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The Fundamentals of Vapor Intrusion – Part 6. Petroleum versus Chlorinated Compounds, Part 2.
In last month’s Focus on the Environment, we discussed the differences between petroleum hydrocarbons (PHCs) and chlorinated volatile organic compounds (CVOCs) during vapor intrusion (VI). In this issue, we’ll continue the discussion…..
First of all, the elements chlorine, fluorine, bromine, and iodine are all halogens. During manufacturing, halogens may be added to volatile organic compounds (VOCs) to make them less flammable and slower to evaporate. We’ll follow the common practice of using the term “chlorinated VOC” (CVOC) as an all-inclusive term to cover various halogenated VOCs (HVOCs), that may or may not contain chlorine.
Picking up where we left off last month, we can make the following generalizations between CVOCs and PHCS as they pertain to VI:
CVOCs sink, PHCs float. That’s because the halogens are far heavier than the hydrogen atoms they replace. Consequently, the screened interval for a monitor well with significant PHCs (e.g., 0.1% of the solubility limit), should bracket the water level, so that any floating product will show up in samples. The good news is, that while it’s never good practice to connect separate aquifers (water-conducting layers) with a well screen, if a well does “bridge” two aquifers, light non-aqueous phase liquids (LNAPLs) generally can’t go down into the lower aquifer the way dense non-aqueous phase liquids (DNAPLs) can. On the other hand, PHCs in the pure, LNAPL state, can enter basements and sumps at flammable concentrations in areas of shallow groundwater. Vapor concentrations from PHCs are apt to be higher than from CVOCs, since pure PHCs form NAPLs and can float into a building, while CVOCs form DNAPLs, which tend to sink to the bottom of the aquifer. Notice, however, that in the dissolved state, CVOCs and PHCs neither sink nor float, and they go wherever groundwater goes.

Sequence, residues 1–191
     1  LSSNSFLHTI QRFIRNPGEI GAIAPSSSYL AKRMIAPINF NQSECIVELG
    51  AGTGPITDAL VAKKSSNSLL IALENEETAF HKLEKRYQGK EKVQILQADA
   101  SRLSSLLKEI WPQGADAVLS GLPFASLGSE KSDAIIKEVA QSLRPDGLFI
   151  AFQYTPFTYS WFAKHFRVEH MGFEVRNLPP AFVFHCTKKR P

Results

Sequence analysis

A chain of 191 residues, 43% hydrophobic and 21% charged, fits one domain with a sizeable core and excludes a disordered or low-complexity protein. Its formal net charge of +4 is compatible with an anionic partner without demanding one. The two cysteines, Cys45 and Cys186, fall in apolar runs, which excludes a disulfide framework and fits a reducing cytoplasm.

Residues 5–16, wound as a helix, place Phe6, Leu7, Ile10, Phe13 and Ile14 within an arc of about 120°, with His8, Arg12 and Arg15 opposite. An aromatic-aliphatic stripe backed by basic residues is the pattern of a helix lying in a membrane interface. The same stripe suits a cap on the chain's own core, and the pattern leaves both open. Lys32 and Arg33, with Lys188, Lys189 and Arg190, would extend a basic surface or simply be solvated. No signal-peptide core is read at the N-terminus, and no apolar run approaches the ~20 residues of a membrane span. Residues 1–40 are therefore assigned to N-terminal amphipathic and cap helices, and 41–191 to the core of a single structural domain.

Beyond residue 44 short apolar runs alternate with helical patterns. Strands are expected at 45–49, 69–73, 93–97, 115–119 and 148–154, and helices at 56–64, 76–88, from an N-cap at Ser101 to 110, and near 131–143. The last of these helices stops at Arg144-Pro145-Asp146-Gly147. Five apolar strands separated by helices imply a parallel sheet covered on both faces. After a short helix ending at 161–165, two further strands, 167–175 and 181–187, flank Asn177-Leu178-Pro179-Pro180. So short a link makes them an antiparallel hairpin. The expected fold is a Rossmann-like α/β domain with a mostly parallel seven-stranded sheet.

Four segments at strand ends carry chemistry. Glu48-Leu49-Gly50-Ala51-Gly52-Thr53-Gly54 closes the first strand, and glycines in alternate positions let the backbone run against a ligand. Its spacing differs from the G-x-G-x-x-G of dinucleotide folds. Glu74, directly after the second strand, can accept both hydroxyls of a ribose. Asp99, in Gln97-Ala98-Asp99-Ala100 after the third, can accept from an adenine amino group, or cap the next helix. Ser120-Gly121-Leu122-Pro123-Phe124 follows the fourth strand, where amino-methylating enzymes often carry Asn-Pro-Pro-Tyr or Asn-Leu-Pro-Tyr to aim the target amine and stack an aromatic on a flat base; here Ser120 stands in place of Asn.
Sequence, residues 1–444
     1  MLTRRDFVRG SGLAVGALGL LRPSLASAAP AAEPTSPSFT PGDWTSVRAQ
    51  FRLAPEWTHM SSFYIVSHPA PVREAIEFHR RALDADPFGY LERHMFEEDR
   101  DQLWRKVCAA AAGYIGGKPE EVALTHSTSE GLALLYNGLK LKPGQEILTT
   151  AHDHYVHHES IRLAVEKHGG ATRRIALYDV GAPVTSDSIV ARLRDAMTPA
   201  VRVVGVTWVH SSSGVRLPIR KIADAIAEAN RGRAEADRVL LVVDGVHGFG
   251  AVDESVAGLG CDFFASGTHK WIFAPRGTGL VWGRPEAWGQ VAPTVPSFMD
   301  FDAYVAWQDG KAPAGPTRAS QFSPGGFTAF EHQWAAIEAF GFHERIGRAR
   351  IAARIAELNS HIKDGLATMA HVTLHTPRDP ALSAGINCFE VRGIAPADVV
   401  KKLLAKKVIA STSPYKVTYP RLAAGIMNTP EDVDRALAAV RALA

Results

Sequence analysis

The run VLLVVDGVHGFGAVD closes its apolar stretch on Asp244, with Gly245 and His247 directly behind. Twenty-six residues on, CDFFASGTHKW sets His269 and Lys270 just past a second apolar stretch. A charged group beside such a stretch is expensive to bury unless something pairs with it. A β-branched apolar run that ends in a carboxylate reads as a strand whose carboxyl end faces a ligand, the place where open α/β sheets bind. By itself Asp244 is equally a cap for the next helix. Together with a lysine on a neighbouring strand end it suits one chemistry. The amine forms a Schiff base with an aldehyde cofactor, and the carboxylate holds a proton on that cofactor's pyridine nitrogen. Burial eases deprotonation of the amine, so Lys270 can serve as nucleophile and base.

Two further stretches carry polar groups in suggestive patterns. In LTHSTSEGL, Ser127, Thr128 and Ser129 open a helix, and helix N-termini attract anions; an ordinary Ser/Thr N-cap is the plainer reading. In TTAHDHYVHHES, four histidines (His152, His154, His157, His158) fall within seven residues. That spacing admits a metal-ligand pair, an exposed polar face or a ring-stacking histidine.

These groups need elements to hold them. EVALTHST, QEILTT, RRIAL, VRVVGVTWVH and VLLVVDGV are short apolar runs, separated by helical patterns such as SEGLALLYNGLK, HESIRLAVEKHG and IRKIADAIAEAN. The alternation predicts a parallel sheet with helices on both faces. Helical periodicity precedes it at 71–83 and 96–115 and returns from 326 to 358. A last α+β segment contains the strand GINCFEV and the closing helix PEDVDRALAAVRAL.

CVOCs break down slowly, PHCs break down rapidly. This is ultimately the main difference between them, and the reason that PHC vapor intrusion (PVI) may be subject to different guidance. In rare cases, CVOCs might break down faster, but overall, PHCs break down much faster.
CVOCs break down better with low oxygen, PHCs break down better with high oxygen. Fire is really just rapid oxidation, and since CVOCs are designed to be nonflammable, it’s no surprise that they don’t readily oxidize in soil and groundwater. The more highly chlorinated compounds, especially tetrachloroethene (perchloroethylene or PCE) and trichloroethene (TCE), can persist for decades in high oxygen settings with very little degradation. Less highly chlorinated compounds, such as vinyl chloride, and of course PHCs, break down rapidly in the presence of oxygen, largely due to the activity of microorganisms. Unfortunately, this means that for PCE to break down into TCE, dichloroethene (DCE), vinyl chloride, and finally ethene, the conditions have to change or the contaminants have to migrate from low to high oxygen settings.